Slam poetry: A whole other side of verse

Have you snapped your fingers and yelled “Spit, poet!”

Have you ventured out to a glowing coffee shop late at night, huddled over a steaming mug as an impassioned poet plays with words?

Have you snapped your fingers and yelled “Spit, poet!” at the makeshift stage? Do you know what slam poetry is?

“This is for the factory farmed chicken looking at where the sky used to be. Flip the bird. Flip everything around you so the only sound you can hear anymore is the beating of wings all around you, trying to show you that you are so much greater that you appear,” Shayne avec i grec spoke into the microphone.

His voice gained momentum as his hands shaped the words he released into the Carihi multi purpose room. avec i grec is part of Raising Voices, a slam poetry group based in Victoria. Pam Stewart, Johnny MacRae and Jeremy Loveday also performed.

I spoke to Kai Harvey, a Carihi student about how the poetry slam affected her.

“It was really inspirational. It’s a whole other side of poetry,” she said.

Earlier in the day Stewart and MacRae taught a workshop as part of Carihi’s creative writing program. They wove in pieces of history: in 1985 the public began to lose interest in poetry, finding parlor recitations dull. Marc Smith, a poet and construction worker saw this and began to host poetry competitions in which random members of the audience were selected as judges. The only criteria was that the performance was entertaining. These events became unruly, often involving animals, elaborate costumes, and carelessly written poems. Smith decided to develop a set of rules which are still, used today: Each poem must be of the poet’s own construction. Each poet gets three minutes (plus a 10-second grace period) to read one poem. If the poet goes over time, points will be deducted from the total score. The poet may not use props, costumes or musical instruments;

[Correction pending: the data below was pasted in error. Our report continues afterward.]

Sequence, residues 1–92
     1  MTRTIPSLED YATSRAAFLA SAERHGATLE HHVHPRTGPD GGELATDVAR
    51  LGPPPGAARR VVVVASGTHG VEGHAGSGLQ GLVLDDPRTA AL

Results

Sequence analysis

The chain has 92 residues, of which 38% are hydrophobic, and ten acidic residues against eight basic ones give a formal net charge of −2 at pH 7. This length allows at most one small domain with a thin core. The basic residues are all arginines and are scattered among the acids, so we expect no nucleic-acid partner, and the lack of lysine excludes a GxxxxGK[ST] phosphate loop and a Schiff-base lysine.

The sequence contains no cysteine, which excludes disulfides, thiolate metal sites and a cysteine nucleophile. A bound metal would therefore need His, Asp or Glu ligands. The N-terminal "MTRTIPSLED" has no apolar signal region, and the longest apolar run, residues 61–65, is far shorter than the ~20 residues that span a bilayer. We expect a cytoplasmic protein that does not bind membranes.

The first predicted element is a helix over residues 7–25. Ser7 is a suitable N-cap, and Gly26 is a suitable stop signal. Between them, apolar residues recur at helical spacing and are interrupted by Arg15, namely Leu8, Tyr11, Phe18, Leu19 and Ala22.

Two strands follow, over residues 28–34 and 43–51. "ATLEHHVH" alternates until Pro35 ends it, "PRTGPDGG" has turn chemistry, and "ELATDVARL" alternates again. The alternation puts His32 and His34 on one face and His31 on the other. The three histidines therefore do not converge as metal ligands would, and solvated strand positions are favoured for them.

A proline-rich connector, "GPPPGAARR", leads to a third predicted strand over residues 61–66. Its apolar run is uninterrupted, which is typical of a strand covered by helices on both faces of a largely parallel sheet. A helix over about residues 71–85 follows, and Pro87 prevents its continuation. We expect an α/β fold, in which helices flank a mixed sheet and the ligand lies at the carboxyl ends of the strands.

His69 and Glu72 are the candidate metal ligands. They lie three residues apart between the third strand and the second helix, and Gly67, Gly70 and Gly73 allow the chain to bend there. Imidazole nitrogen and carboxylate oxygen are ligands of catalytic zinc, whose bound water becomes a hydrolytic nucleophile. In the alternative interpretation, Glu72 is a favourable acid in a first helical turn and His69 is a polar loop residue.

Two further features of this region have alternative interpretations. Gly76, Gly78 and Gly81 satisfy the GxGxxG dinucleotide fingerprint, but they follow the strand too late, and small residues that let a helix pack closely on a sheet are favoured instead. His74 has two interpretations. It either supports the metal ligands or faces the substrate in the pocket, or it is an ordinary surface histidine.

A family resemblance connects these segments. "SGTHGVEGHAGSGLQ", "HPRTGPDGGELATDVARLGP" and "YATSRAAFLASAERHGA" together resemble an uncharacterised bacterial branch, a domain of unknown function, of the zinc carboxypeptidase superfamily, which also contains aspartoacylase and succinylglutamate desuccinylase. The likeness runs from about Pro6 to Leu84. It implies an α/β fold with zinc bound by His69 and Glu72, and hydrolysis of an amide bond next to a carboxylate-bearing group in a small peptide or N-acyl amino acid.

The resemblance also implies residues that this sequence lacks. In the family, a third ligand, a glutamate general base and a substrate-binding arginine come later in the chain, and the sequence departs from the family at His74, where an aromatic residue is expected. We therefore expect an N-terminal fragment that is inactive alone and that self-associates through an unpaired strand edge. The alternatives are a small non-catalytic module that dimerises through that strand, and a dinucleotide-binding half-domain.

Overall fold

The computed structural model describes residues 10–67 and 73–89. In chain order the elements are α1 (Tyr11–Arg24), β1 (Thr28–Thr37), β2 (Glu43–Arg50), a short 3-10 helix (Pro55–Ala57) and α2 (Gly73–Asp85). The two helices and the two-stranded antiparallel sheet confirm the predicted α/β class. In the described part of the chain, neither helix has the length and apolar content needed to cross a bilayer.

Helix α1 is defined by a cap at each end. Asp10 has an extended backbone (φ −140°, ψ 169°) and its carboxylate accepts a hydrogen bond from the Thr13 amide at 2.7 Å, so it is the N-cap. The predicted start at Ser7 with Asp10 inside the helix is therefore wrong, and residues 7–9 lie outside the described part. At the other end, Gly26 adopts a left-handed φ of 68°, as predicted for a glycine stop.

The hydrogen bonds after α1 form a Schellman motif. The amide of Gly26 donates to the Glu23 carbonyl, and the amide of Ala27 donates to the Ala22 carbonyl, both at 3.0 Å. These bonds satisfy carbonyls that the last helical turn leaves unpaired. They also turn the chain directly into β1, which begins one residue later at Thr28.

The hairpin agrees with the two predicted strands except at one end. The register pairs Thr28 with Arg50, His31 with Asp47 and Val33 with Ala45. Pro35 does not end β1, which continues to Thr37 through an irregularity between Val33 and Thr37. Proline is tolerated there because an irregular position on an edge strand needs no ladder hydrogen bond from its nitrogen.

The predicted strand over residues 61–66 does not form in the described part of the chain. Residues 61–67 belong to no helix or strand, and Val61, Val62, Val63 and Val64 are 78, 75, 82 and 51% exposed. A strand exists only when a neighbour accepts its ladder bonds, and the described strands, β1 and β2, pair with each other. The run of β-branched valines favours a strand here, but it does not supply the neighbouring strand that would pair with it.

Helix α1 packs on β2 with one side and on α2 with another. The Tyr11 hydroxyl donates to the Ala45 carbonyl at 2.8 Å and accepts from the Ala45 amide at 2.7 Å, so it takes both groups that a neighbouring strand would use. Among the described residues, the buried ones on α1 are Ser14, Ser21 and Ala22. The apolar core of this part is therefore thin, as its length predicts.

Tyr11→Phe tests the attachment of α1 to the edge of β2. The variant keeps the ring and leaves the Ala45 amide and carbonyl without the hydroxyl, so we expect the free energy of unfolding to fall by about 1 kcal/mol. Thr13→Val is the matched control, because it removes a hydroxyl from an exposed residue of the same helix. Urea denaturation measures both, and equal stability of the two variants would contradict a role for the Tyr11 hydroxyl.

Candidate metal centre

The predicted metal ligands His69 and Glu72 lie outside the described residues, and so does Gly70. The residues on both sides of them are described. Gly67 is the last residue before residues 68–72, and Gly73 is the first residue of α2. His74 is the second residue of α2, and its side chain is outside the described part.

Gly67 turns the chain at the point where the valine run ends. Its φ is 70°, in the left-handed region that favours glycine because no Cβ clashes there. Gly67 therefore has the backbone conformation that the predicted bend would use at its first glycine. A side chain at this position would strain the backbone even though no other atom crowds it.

Of the scores the poet received from the five judges, the high and low scores are dropped and the middle three are added together, giving the poet a total score of 0-30.

“Everyone is encouraged to interact – the performer, the judges and the audience,” MacRae said of slams.  “The poets carry a physical energy with them, they really embody their words.”

The slam sparked an interest in Carihi students, who are in the process of setting up a slam poetry group. Some goals are performing at the teen open mic nights at Serious Coffee and competing in youth competitions.

For more information on Raising Voices and the Victoria Poetry Project go to